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Educating in one of the Largest Former Concentration Camps in Germany

Dr. Iris Groschek of the Neuengamme Memorial, the site of the former Nazi concentration camp of Hamburg in Germany speaks with the Auschwitz Study Group about preserving the memorial for future generations and how Holocaust Memorials are evolving to suit the needs of modern education.

The Neuengamme concentration camp was a German camp established in 1938 by the SS near the village of Neuengamme in the Bergedorf district of Hamburg, Germany. It was operated by the Nazis from 1938 to 1945. Over that period an estimated 100,000 prisoners were held at Neuegamme and at its subcamps. Around half of them perished there. After Germany’s defeat in 1945, the British Army used the site until 1948 as an internment camp. In 1948, the facility was transferred to the Hamburg prison authority which tore down the camp huts and built a new prison cell block. After being operated as 2 prisons by the Hamburg authorities from 1950 to 2004, the site now rightly serves as a memorial to the victims who suffered and perished there. The Neuengamme Memorial is open to the public and is situated 15 km southeast of the centre of Hamburg.

The sculpture 'Le Deporté' by Françoise Salmon, at the Neuengamme Concentration Camp Memorial
Inauguration of the International Monument, the sculpture 'Le Deporté' by Françoise Salmon, at the Neuengamme Concentration Camp Memorial

Holocaust Memorials have started taking on a more significant role in the education of new generations around the world. There has been an upturn of interest in recent years with educational systems now recognising the importance of teaching the subject as mandatory in schools. Last year (2015) marked the 70th anniversary of the liberation for many concentration camps in Poland and Germany, and several survivors were able to tell their stories. In recent years, the sites of human destruction, the concentration camp sites have become more central to telling the history of those years under National Socialist rule. The conversion of many sites to museum zones comes with a lot of responsibility and decisions have to be made that will not please everyone. An understanding of the history of the camp is essential but even then, making choices of preservation against replacement can sometimes have no clear concise right answer.


Dr. Iris Groschek of the Neuengamme memorial
Dr. Iris Groschek

The Auschwitz Study Group recently spoke with Dr. Iris Groschek of the Neuengamme Memorial who explains in detail some of the day to day aspects of running the museum and some of the more obscure historical aspects that have to be considered for a full representative of the camps existence.

The Neuengamme Memorial is a historical site. It encompasses almost the entire historic area of the concentration camp, including 17 original buildings. It is one of the largest memorials in Germany (57 hectares). Our aim is to remember the more than 100.000 people who were prisoners of Neuengamme concentration camp. Altogether, at least 42,900 people died in the Neuengamme main camp and its sub-camps and during the camp evacuations at the end of the war. Neuengamme Memorial is a site for remembering and learning that preserves the memory of the victims of SS terror, while also providing opportunities to explore the causes and consequences of the Nazi regime.

Understanding the Holocaust from its core beginnings is integral to how the museum interact with its visitors today. Whilst it offers an opportunity to explore in greater detail about the Neuengamme camp, the education is not confined to the museum perimeters.

Approximately 100,000 people visit the Neuengamme Memorial each year. If you are visiting the grounds, you can choose between 5 exhibitions, which are in 4 languages (German, English, French and Russian) to learn what happened here between 1938 and 1945 (and also the history of the place itself until today). Visitors can also explore the grounds of the memorial with the help of information panels, a smartphone-app or an audioguide. The memorial also comprises a research archive, a library and the Centre for Historical Studies. So that means we have not only tourists, school classes, group visitors visiting the memorial, but also researchers, humanities scholars, relatives of former camp prisoners and therefore people with different backgrounds and different reasons why they visit and what answers they are searching. The Neuengamme Concentration Camp Memorial is an educational site with international significance where people can explore questions about history and our world today. Our goal is to raise awareness of the injustices committed by the Nazis. Our educational approach towards history encourages reflection and a critical understanding while also drawing parallels between the history of the Nazi regime and current issues. We see ourselves also as an important centre of learning for all of Europe. It is a place where people from Germany and abroad can meet and discuss with one another and conduct comprehensive research on historical events and their consequences.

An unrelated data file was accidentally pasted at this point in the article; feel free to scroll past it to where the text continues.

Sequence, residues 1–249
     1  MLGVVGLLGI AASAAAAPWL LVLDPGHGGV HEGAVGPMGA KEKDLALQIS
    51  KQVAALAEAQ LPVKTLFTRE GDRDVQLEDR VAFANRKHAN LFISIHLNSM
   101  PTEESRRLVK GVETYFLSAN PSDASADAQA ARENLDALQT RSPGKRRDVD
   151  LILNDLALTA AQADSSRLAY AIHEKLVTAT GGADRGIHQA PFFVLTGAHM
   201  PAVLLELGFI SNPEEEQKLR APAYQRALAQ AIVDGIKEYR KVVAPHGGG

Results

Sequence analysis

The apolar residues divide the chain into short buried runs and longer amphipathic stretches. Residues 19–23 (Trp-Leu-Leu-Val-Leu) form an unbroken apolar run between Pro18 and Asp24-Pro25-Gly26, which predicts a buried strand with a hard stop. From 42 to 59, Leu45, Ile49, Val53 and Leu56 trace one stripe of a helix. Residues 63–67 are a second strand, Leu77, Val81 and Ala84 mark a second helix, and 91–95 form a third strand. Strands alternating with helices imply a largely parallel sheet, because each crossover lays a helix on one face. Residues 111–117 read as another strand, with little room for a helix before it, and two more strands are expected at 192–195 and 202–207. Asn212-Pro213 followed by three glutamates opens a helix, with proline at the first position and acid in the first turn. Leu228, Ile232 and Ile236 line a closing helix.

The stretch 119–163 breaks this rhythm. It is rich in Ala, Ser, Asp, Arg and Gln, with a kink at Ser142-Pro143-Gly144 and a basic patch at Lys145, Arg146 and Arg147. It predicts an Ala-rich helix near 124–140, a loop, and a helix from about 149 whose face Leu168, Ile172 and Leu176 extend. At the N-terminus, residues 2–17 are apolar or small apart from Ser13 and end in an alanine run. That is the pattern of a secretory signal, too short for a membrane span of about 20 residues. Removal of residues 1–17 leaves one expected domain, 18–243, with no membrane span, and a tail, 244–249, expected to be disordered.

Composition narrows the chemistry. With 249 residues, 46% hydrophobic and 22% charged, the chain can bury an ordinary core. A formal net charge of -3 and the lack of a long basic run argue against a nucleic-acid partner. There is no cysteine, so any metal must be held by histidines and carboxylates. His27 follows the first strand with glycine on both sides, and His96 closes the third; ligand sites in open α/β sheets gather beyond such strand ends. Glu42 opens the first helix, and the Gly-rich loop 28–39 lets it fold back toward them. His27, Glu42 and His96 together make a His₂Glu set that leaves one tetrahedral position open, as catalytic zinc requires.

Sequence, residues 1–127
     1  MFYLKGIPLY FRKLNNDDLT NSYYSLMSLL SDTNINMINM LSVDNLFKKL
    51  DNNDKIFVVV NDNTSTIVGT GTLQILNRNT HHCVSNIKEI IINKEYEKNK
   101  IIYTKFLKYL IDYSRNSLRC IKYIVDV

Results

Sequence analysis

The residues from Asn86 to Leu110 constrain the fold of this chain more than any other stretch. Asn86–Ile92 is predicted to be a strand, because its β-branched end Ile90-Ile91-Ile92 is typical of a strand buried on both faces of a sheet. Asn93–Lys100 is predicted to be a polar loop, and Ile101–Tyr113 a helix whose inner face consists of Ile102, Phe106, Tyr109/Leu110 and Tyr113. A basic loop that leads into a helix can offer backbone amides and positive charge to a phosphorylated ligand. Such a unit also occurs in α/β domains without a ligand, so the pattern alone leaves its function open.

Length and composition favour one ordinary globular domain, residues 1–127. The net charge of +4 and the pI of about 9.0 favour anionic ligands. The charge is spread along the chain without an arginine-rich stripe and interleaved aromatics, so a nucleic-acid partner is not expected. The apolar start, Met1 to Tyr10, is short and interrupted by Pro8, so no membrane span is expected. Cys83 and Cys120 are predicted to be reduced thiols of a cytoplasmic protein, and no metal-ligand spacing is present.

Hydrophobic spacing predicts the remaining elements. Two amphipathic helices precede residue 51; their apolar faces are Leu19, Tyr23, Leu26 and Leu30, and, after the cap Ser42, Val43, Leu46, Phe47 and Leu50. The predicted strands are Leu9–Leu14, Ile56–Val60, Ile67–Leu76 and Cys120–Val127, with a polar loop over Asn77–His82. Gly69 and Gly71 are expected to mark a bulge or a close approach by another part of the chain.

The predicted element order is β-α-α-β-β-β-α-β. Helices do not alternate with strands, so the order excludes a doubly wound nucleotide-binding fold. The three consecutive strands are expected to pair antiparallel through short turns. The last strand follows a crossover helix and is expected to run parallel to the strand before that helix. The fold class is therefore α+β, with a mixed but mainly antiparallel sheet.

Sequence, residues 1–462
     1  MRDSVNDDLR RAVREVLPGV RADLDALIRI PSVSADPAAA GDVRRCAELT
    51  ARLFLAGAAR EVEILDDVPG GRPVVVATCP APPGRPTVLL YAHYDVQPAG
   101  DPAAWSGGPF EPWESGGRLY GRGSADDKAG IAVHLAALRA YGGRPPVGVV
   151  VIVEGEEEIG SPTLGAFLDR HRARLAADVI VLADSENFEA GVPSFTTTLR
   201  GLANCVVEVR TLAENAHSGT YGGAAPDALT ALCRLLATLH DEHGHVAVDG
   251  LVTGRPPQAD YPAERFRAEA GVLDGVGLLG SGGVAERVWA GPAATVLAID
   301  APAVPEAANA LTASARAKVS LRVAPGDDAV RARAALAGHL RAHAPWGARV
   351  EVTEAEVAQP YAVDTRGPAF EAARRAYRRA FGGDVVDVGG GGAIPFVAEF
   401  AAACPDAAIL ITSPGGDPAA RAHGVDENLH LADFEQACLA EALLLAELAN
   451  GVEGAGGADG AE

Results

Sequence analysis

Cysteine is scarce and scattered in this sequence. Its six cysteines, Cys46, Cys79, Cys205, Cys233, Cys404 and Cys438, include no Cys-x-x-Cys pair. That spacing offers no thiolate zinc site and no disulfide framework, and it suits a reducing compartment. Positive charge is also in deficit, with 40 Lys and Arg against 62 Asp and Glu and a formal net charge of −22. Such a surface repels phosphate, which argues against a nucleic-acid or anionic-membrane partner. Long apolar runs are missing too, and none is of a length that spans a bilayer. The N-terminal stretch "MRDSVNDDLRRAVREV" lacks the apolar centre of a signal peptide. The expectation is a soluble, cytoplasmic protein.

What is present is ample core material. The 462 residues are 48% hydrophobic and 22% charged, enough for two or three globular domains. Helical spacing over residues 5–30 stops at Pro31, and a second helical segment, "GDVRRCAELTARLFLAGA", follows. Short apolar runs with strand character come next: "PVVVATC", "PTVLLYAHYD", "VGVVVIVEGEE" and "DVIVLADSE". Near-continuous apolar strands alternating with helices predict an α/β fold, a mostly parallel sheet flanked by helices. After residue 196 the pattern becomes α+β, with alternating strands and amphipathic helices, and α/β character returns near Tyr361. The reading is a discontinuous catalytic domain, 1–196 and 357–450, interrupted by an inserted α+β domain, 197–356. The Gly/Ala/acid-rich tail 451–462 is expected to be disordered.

Neuengamme Concentration Camp in 1938
Neuengamme Concentration Camp in 1938

Indeed, offering the visitor a chance to learn more about how the Holocaust was allowed to happen is something that we hope to see other museums adopt in the near future. So often we see the history of pre camp existence skimmed over, but there are greater plans ahead for the Neuengamme Memorial. 

In the future we will go on to remember the people who died here, to remind people to what racism, anti-semitism, discrimination, exclusion, anti-democracy can lead to by discussing, providing information and also by preserving the grounds and original buildings.

We will always have to find ways to talk about the history in a modern and also appropriate and effective way to make sure it is not forgotten and to hopefully make people learn for the future.

We have visitors not only from the Hamburg region, but from around the world. That´s why we offer guided tours in different languages like English, French, Spanish, Danish, Dutch, Polish, Russian, Norwegian, Swedish or Sign Language. We not only offer guided tours (2-3 h) but also project days. While special focus on guided tours is put on the personal experiences of prisoners, we also explore the relationship between the history of the concentration camp and the economic interests of the city of Hamburg.